Australia gave state honours on Tuesday to nine people who helped rescue most of a Thai boys' soccer team trapped in a flooded cave, with Prime Minister Malcolm Turnbull saying their teamwork had set an example for world leaders.
The rescue of the 12 members of the "Wild Boars" team and their coach drew divers and volunteers from around the world. The last of the group was brought to safety from the Tham Luang cave in the northern Thai province of Chiang Rai on July 10.
Turnbull hastened the usual honours approval process and held a ceremony to recognise the Australians involved in a drama that gripped the world for weeks, which he called an extraordinary international effort.
"If only leaders were as collaborative as you were," Turnbull said at the event, attended by the Thai ambassador to Australia. "You held up an example to us all."
Craig Challen and Richard Harris stand together after an official ceremony at Government House in Canberra.
Australia's governor-general, Peter Cosgrove, gave its second-highest bravery award, the Star of Courage, to anaesthetist Richard Harris and veterinarian Craig Challen, who abandoned holiday plans to take a central role in the mission.
Harris was credited with assessing the boys' health, administering anaesthesia before they left the cave, and advising authorities on rescue methods. He was the last person to leave the cave and learnt soon after that his father had died.
Challen helped the boys manage their equipment during the rescue.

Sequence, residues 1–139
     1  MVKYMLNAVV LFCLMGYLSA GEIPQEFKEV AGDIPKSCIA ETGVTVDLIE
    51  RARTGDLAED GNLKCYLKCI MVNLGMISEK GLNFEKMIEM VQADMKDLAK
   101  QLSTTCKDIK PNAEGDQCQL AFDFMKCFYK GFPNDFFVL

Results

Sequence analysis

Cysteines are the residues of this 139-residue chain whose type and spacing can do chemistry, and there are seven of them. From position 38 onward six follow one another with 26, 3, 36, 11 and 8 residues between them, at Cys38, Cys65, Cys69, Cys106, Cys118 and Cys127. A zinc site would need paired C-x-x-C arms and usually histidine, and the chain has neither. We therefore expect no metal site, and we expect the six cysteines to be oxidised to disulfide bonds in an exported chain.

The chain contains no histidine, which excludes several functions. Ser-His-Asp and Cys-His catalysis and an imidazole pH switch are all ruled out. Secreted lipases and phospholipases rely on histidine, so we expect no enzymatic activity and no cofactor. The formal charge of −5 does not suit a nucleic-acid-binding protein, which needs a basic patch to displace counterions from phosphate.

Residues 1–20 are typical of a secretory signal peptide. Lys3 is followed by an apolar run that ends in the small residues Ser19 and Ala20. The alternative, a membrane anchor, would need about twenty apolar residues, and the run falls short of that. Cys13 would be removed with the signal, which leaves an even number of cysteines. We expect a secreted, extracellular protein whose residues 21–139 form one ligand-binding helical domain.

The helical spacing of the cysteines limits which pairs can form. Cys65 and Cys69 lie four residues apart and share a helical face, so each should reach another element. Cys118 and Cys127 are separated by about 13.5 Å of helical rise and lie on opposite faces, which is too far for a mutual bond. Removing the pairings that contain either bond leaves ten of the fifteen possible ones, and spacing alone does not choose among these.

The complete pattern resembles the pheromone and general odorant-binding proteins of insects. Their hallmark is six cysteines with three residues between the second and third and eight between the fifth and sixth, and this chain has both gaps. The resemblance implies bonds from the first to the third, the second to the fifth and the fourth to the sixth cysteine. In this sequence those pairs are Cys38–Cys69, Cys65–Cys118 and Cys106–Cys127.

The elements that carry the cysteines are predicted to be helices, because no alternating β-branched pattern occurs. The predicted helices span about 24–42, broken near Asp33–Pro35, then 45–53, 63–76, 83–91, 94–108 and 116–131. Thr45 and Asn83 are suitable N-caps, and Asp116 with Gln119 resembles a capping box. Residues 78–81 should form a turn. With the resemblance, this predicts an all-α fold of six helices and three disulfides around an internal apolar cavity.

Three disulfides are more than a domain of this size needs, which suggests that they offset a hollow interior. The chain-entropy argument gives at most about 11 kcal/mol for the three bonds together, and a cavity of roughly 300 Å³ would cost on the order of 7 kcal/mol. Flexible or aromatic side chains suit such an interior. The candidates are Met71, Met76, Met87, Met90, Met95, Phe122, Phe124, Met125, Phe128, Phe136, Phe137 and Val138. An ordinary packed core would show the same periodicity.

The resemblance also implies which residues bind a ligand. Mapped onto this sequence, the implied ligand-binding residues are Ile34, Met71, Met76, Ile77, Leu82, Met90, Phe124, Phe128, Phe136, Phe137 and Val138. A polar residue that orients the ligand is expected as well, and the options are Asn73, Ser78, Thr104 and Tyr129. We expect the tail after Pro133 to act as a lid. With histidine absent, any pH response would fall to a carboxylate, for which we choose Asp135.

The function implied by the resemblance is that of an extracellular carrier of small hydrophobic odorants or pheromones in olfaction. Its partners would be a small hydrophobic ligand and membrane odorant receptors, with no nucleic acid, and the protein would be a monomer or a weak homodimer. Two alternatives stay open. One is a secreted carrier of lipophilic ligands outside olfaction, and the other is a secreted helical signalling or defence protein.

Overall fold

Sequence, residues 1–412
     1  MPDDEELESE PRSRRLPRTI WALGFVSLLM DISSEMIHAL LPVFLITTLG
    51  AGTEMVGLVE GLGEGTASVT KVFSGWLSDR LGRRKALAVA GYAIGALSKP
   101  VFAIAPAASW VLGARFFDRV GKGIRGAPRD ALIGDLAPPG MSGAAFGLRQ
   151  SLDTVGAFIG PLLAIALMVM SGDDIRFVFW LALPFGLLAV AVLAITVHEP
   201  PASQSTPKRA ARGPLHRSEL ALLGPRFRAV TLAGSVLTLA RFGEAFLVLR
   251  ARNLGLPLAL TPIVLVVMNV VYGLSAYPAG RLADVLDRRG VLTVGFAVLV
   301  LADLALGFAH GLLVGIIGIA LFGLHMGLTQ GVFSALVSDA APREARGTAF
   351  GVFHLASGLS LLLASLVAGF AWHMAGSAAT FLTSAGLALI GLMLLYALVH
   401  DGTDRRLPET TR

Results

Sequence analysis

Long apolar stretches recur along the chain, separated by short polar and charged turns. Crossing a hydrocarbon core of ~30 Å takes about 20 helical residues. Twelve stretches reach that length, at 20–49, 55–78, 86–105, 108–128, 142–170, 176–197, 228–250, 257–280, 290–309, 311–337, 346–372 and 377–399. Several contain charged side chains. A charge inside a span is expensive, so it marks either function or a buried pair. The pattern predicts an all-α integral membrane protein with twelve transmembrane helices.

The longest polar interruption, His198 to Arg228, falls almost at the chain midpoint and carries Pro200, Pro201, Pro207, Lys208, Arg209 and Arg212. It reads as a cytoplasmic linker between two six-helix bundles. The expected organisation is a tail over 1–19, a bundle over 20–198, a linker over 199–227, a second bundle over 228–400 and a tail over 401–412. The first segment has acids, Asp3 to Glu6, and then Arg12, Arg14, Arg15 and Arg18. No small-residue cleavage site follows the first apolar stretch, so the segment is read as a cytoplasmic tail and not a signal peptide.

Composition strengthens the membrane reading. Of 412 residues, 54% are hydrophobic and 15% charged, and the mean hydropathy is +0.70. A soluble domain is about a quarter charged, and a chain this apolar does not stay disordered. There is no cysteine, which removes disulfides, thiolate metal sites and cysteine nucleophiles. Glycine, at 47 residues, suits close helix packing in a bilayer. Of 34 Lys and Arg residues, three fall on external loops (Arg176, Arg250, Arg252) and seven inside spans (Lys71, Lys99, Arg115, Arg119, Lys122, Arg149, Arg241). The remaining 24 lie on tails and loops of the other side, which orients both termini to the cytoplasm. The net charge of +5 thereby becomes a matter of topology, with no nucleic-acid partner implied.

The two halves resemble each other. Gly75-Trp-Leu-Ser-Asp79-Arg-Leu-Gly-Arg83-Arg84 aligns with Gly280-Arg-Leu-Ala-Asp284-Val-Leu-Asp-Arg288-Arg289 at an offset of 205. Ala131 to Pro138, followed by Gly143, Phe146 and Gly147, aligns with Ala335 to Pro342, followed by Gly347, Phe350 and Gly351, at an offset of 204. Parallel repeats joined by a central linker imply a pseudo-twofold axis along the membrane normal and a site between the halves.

The operation to extract the team involved a core team of 18, including 13 foreign divers. The boys, fitted with thick wetsuits and full-face scuba masks, were guided through dark, flooded passageways towards the mouth of the cave.
The first part of the journey involved some diving. For the last part, the boys were put in green plastic toboggans and carried through.
Cosgrove also gave bravery awards to six police officers and a navy officer who were part of the mission.
The rescuers were "remarkable, skilful, tireless, compassionate and courageous," he added.
The boys, aged 11 to 16, and their 25-year-old coach had set out on June 23 to explore the caves, where they became trapped, and survived for nine days on water dripping from rocks before divers discovered them huddled on a muddy mound.
"Everybody was focused on the same thing: getting those boys out safely," Turnbull added, recounting the Australian participants' explanation of how a diverse team came together to pull off the rescue.Last updated: July 24 2018 10:21 AM